Reefscapers Acropora coral colonies

Close-up detail of a ‘massive’ coral

Coral Propagation – Monthly Progress

At Landaa during August, we used 1147 individual coral fragments to transplant 27 new coral frames, sponsored by guests (11) and the Resort (16), and we monitored a total of 132 sponsored frames around the island.
We have continued our frame relocation efforts, to optimise coral growth rates while ongoing work takes place around the island, and have cordoned off several areas for protection (using buoys and rebar). A total of 93 frames were retagged and remapped in QGIS, and 10 old frames were cleaned for recycling.

At Kuda Huraa this month, a total of six new coral frames and one recycled frame were transplanted and deployed around the island, mainly using fragments of Acropora and Pocillopora corals. 

  • Water Villas (WV) – a total of 497 frames were monitored, and the photographs uploaded to our website for our kind sponsors to monitor the growth of their personal coral frame. Coral colonies remain healthy, and the site continues to preserve a high diversity of fish species. Loose ‘fragments of opportunity’ of Montipora foliosa were collected for later transplanting (at the Blue Hole).
  • Blue Hole (BH) – most coral colonies (eight different species) present good health.
  • Channel (CH) – before being photographed, frames were retransplanted with fragments of Pocillopora verrucosa, Montipora digitata and Porites cylindrica. Following extensive retagging and maintenance work, the remapping of the entire site was completed this month (600 frames). Some old frames were removed completely for recoating as recycled frames. Certain coral species are thriving (particularly Montipora digitifera, Pocillopora damicornis, Porites) and seem more resistant to algae, disease, and higher temperatures.
Reefscapers Acropora coral species artificial reef propagation Maldives

Various species of Acropora corals, growing on our Reefscapers coral frames

Coral Plates in Aquarium One (plates KH01, KH02, KH05) and Aquarium Two (plates KH03, KH04, KH06)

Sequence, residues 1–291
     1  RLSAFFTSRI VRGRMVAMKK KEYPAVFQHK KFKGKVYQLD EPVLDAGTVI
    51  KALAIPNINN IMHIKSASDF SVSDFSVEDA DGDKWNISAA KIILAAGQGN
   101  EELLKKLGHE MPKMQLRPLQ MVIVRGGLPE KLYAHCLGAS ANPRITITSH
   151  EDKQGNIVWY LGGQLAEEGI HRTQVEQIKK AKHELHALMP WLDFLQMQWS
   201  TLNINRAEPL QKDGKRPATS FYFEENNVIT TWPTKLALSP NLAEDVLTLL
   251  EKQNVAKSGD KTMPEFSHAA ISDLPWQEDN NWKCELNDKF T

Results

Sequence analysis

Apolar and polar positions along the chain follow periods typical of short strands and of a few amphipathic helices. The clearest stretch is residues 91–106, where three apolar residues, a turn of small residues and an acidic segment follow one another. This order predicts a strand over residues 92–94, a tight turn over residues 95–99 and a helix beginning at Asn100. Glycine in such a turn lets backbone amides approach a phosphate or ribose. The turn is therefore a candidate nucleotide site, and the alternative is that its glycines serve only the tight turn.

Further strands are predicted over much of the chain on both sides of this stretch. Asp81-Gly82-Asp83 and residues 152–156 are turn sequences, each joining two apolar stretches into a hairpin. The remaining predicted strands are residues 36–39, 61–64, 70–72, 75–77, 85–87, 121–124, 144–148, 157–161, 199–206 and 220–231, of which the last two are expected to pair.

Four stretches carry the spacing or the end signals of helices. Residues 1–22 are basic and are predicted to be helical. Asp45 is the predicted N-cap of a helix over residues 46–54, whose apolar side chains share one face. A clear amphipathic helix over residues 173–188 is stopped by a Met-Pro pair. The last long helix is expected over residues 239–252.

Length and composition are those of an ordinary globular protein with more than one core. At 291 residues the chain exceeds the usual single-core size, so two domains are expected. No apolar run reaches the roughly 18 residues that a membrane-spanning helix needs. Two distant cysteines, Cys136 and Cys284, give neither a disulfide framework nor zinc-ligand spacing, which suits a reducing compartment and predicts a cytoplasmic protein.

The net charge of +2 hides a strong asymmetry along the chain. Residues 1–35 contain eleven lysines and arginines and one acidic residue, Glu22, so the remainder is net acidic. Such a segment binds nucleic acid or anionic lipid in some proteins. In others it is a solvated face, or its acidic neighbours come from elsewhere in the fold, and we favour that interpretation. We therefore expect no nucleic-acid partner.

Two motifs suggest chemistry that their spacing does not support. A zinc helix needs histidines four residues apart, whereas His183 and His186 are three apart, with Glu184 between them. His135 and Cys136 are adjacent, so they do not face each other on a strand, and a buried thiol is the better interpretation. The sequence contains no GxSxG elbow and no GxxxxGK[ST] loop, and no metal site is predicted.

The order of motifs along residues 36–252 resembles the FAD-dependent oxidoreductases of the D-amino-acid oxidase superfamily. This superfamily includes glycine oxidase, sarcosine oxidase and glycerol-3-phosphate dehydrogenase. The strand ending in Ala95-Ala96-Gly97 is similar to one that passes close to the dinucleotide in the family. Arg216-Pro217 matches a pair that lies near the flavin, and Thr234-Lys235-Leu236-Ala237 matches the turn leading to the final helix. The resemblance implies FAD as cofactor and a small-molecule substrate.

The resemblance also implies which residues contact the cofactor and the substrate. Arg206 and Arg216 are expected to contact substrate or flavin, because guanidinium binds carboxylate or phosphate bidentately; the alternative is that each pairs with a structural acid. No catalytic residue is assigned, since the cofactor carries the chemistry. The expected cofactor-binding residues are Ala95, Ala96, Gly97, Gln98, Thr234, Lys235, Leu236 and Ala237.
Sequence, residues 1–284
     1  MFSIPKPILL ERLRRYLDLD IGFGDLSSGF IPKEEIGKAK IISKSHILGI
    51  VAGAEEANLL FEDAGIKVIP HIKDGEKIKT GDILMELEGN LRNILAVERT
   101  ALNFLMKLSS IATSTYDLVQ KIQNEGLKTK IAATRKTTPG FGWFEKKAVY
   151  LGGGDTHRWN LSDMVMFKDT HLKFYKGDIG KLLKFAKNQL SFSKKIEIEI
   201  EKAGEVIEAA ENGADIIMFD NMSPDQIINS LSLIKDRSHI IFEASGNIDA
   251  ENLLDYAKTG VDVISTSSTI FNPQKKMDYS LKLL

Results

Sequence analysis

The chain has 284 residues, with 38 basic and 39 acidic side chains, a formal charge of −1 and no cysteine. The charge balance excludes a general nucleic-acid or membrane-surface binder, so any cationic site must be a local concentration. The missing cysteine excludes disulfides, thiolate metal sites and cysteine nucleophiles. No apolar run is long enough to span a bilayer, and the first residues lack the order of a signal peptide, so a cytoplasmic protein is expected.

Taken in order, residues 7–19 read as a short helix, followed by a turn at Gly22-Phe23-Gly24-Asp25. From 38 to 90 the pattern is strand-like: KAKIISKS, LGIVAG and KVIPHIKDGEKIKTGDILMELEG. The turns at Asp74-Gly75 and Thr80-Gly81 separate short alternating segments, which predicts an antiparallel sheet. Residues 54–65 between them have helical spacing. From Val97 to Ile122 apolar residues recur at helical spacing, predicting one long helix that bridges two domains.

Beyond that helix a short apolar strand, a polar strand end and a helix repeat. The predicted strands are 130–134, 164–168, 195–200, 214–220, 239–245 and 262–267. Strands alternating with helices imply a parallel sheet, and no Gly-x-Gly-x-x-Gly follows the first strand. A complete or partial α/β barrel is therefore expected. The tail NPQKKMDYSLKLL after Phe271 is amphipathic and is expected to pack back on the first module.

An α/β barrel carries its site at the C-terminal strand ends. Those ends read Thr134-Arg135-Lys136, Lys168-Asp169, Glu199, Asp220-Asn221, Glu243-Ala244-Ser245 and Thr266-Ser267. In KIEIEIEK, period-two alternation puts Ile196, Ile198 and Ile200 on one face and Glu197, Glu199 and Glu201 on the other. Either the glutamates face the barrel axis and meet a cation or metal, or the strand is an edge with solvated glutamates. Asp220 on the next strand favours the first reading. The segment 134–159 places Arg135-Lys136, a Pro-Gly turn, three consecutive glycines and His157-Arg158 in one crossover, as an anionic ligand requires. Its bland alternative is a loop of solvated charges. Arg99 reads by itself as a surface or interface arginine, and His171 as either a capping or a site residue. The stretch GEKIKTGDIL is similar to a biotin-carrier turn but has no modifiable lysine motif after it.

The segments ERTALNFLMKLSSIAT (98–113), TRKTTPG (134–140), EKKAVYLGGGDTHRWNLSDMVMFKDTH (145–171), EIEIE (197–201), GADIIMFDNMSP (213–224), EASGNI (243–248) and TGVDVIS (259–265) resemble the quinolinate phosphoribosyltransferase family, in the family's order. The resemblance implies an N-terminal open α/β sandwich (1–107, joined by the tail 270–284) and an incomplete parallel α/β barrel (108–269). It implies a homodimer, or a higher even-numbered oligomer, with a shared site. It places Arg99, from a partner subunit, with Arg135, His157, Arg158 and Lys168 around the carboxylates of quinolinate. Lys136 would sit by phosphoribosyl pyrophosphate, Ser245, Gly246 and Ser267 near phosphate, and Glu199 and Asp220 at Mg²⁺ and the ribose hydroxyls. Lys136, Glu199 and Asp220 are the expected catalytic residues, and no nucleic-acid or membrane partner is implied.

• KH01 (Galaxea fascicularis; Acropora species replenished July 2021) – fragments continue to grow and fuse. Most of the new fragments have started to encrust (any dead fragments were removed).
  • KH02 (Galaxea fascicularis) – healthy and growing, especially the upper fragments closer to the light (so we rotated the plate).
  • KH03 (Acropora species, replenished July 2021) – the newly introduced fragments are encrusting (any dead fragments were removed).
  • KH04 ( digitifera, A. millepora) – mainly healthy and growing (any dead fragments were removed).
  • KH05 (Galaxea fascicularis) – well adapted, continuing to grow and fuse. We cleaned a patch of bryozoans and cyanobacteria.
  • KH06 (Galaxea fascicularis) – good health, fusing and growing.

Blue Coral Growth Experiment

Blue Coral (Heliopora coerulea) is a reef-building octocoral with high resistance to thermo-stress and bleaching (Richards et al., 2018) with warmer seawater temperatures promoting substrate colonisation (Guzman et al., 2019). In addition, species of Heliopora were one of two massive corals to affect the reef flat carbonate budget located in Huvhadoo Atoll (South Maldives) during the 2016 bleaching event (Ryan et al., 2019).

Blue coral possesses homologues of biomineralisation genes resembling that of hard corals (as Guzman) so it could be a key reef-building coral against future climatic changes. However, restoration efforts of large densities of H. coerulea should not inhibit the growth and recruitment of other coral species (Courtney et al., 2021, Artigenio et al., 2020; Guzman et al., 2019).

In order to continue expanding our coral restoration techniques, we have out-planted our first frame of Blue Coral.

On 13 August, we moved a small frame to the Al Barakat site (at 3m depth), and attached 14 coral fragments of H. coerulea. We will monitor the frame closely, and record information on health and bleaching. To track growth rates, we will take regular measurements for height, length, and width for each individual fragment.
The ecological volume is calculated using the formula: EVi = 3.14 * POWER (R,2)*H

Microfragmenting Experiment

During August, we started preliminary investigations using microfragments of Brain (honeycomb) coral, transplanted to a newly designed coral frame.

At Landaa’s Dive Site (5m depth), we harvested a healthy coral specimen of Diploastrea heliopora (taking less than 10% of the donor colony). The specimen was kept temporarily in our open-flow seawater tank, before being fragmented and super-glued onto the prototype microfragment frame. The frame consists of a flat panel with legs, for ‘wedging’ into hard substrate to ensure the frame and future coral growth becomes integrated into the reef. Each fragment was labelled (1 – 12), assessed for health and bleaching, and then photographed for surface area analysis, using FIJI by Image-J.

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